This article and its sequels will show you how to
If you thought these things were impossible without cheating, you are not alone. Only the fifth has appeared in print prior to 1981; it was discovered independently by Benjamin (Bridge Magazine, April '77), Winkler (Bridge World, April '80) and probably others, and ironically is the most difficult of the five for a nonexpert to use. The rest were hinted at in a short story in the January '81 Bridge World but are otherwise unavailable, as far as the author knows; (1), (3) and (4) require the establishment of an 'active key', a totally new concept.
Most of the techniques in this article are not at all esoteric, an be done by bidding and card play, and (b) partnerships may not have private agreements.
Nothing in the laws, however, forces you to reveal to the opponents what can be deduced from looking at your own cards. If you hold three aces, and partner gives the one ace reply to an ace-asking convention, you are under no obligation to tell the opponents which ace your partner holds. Of course, that information is not likely to be of much use to them anyway - unless it is later used to encrypt some thing valuable.
Consider, if you will, the following grossly simplified analogue of the communication situation in bridge. A deck of three cards (say, the king, queen and knave of spades) is shuffled and dealt to three players, whom we call A, B and C. Player A wishes to communicate a single bit of information in secret to B, e.g. the answer to some yes-or-no question; but C is listening.
If A and B already share some bit of information -- known as the 'key' -- which C does not possess, then the objective is easily accomplished. Even if they do not, however, they may be able to manufacture their own key from the deal of the cards.
Suppose, for example, that C happens to reveal the fact that he has been dealt the knave, Then A can say to B something like: "The answer is 'yes' if I hold the king, 'no' if I hold the queen." Since B but not C knows which card A holds, the communication is private. This is an example of the use of a 'passive key', so-called because it was provided free by the opponent (C).
If C is not so obliging, A and B may still be able to establish an 'active key' as follows. Suppose A holds the king and guesses that B holds the queen. He announces, "I hold either the king or queen." If B indeed holds the queen he says, "So do I" and the key is established. Otherwise B says, "Whoops -- I have the knave"; the key is 'blown' and no attempt is made to transmit the message.
In bridge, of course, the message itself concerns the deal of the cards; and both the message and the key-guessing must be transmitted via bids and plays. Since there are barely enough bids available for sufficient communication to arrive at a good contract, bids cannot be squandered solely for the purpose of establishing a key. Hence key-establishment is attempted only when the process simultaneously passes information valuable in the selection of a contract.
One of the simplest active-key conventions is the key-card raise, In it the response of three no-trumps to partner's major-suit opening is a forcing raise which guarantees the ace or king of trumps. (Some other response or sequence of responses is used for other forcing raises.) This is useful in itself, since trump quality is often crucial in slam bidding, but is also an attempt to establish a key for encrypted cue-bidding.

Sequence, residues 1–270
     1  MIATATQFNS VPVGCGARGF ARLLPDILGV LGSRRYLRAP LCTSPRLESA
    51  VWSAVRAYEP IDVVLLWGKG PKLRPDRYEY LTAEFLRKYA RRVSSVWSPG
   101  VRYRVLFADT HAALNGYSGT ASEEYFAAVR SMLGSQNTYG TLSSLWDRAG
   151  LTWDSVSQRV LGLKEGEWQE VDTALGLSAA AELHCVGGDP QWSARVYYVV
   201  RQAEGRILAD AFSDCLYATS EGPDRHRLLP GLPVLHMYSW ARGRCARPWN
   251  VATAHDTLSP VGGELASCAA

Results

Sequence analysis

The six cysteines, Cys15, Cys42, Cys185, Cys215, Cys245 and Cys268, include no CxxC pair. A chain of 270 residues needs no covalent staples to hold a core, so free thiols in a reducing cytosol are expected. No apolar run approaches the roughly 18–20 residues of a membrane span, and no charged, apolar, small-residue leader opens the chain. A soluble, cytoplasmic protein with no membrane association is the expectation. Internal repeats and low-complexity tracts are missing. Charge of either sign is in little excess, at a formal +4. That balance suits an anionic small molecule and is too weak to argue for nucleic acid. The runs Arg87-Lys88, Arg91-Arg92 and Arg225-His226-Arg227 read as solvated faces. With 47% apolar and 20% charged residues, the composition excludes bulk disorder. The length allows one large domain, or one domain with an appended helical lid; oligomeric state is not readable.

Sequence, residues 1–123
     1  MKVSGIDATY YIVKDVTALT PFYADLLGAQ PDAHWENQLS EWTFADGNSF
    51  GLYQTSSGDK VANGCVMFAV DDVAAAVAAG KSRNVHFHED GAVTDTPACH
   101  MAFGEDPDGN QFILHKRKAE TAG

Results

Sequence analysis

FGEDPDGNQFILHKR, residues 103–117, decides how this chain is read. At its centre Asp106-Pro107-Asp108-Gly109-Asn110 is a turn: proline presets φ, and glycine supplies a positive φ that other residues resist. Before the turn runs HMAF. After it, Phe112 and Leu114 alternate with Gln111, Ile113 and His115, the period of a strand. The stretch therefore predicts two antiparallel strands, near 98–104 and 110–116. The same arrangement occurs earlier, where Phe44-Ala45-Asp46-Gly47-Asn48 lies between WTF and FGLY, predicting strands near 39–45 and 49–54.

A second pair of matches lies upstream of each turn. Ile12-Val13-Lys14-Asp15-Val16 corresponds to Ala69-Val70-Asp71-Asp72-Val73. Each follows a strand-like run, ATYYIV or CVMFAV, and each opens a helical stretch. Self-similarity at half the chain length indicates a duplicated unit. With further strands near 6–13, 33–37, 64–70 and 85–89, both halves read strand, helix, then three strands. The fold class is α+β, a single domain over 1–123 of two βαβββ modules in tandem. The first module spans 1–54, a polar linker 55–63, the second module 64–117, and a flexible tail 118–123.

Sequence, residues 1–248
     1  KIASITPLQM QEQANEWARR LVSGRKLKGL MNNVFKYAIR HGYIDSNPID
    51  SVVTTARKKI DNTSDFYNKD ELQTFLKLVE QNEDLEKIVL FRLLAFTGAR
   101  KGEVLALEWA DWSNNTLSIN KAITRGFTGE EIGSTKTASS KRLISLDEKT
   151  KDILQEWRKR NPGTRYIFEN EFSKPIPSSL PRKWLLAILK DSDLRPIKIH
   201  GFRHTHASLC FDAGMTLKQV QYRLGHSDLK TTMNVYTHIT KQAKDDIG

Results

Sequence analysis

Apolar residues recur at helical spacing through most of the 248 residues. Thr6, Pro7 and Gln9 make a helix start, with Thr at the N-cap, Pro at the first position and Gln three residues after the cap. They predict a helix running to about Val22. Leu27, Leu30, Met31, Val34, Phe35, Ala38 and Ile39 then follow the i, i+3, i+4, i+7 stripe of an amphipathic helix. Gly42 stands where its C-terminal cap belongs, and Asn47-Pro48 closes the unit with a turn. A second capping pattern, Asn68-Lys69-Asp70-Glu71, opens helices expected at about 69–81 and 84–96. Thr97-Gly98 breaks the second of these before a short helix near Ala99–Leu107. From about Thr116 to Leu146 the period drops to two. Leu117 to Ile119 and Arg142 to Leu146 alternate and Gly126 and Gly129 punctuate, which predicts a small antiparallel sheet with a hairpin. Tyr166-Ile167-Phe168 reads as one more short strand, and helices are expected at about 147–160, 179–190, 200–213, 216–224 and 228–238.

If the opener has no interest in a slam he merely bids game; otherwise his actions are affected by his trump holding. If he holds the trump king, he cue-bids normally and the rest of the auction is standard.
If opener has slam interest and holds the trump ace his first cue-bid is negative, i.e. denies control of the bid suit. Subsequent cue-bidding is standard.
In the unlikely event that opener has neither top trump and is still interested in a slam (responder has denied having both the ace and king) he can bid four no-trumps (key-card Blackwood) or make an asking bid at the five-level.
To see the point of all this, suppose you are witness to an auction like the following one at matchpoint pairs:
|(a) A forcing raise with the ace or king of trumps
(b) Either the trump king with a diamond control, or the trump ace without a diamond control.
What is your lead?
The problem is unsolvable, of course. You lead a red suit and if you guess wrongly, a very poor score is your due. The East-West hands could be:-
or they could as easily be:-
Looked at from the point of view of East and West, this was a successful encryption in three respects: a key was established, the subsequent auction did not unravel the key, and the protected information (red suit controls) was valuable. Even so, if the leader guesses correctly nothing will have been gained. This is typical of encryption techniques: they are helpless against good guessers.
Note, however, that with either of the above deals the ace-or-king of trumps guarantee made the auction much easier on the opening bidder. Standard methods make location of the top trumps difficult without Blackwood.
A more comprehensive and detailed system of key-card raises, for both major and minor suits, will be presented in Part II of this series, along with some uses for encryption by suit-rotation. In Part III some encryption techniques for contested auctions will be explored - here the objective is quite different. Part IV deals with opening leads and defence, where a passive key is paramount.